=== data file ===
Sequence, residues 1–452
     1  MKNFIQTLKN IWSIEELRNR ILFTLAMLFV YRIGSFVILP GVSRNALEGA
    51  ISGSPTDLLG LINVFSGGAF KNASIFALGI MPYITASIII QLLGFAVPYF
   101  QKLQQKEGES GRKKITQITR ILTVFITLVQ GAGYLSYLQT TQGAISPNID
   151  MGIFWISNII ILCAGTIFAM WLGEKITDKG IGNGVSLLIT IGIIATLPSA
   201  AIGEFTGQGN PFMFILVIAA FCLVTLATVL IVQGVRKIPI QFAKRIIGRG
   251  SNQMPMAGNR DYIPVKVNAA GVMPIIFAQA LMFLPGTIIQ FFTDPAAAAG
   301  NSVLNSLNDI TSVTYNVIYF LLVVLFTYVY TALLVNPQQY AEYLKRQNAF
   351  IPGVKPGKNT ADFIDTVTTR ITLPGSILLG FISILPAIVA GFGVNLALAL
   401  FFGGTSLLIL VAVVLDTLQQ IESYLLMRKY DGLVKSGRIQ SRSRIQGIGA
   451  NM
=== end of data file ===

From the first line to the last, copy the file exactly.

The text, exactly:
Sequence, residues 1–452
     1  MKNFIQTLKN IWSIEELRNR ILFTLAMLFV YRIGSFVILP GVSRNALEGA
    51  ISGSPTDLLG LINVFSGGAF KNASIFALGI MPYITASIII QLLGFAVPYF
   101  QKLQQKEGES GRKKITQITR ILTVFITLVQ GAGYLSYLQT TQGAISPNID
   151  MGIFWISNII ILCAGTIFAM WLGEKITDKG IGNGVSLLIT IGIIATLPSA
   201  AIGEFTGQGN PFMFILVIAA FCLVTLATVL IVQGVRKIPI QFAKRIIGRG
   251  SNQMPMAGNR DYIPVKVNAA GVMPIIFAQA LMFLPGTIIQ FFTDPAAAAG
   301  NSVLNSLNDI TSVTYNVIYF LLVVLFTYVY TALLVNPQQY AEYLKRQNAF
   351  IPGVKPGKNT ADFIDTVTTR ITLPGSILLG FISILPAIVA GFGVNLALAL
   401  FFGGTSLLIL VAVVLDTLQQ IESYLLMRKY DGLVKSGRIQ SRSRIQGIGA
   451  NM